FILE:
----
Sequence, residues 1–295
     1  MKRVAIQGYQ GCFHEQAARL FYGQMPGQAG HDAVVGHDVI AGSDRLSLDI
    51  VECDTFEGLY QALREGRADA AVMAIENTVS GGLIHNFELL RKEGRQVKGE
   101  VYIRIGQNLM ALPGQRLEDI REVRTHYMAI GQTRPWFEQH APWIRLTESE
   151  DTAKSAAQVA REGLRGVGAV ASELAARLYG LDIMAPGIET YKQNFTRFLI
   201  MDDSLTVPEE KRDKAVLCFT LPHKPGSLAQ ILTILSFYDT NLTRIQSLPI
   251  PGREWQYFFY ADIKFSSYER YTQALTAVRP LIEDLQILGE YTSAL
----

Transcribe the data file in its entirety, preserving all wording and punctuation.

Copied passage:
Sequence, residues 1–295
     1  MKRVAIQGYQ GCFHEQAARL FYGQMPGQAG HDAVVGHDVI AGSDRLSLDI
    51  VECDTFEGLY QALREGRADA AVMAIENTVS GGLIHNFELL RKEGRQVKGE
   101  VYIRIGQNLM ALPGQRLEDI REVRTHYMAI GQTRPWFEQH APWIRLTESE
   151  DTAKSAAQVA REGLRGVGAV ASELAARLYG LDIMAPGIET YKQNFTRFLI
   201  MDDSLTVPEE KRDKAVLCFT LPHKPGSLAQ ILTILSFYDT NLTRIQSLPI
   251  PGREWQYFFY ADIKFSSYER YTQALTAVRP LIEDLQILGE YTSAL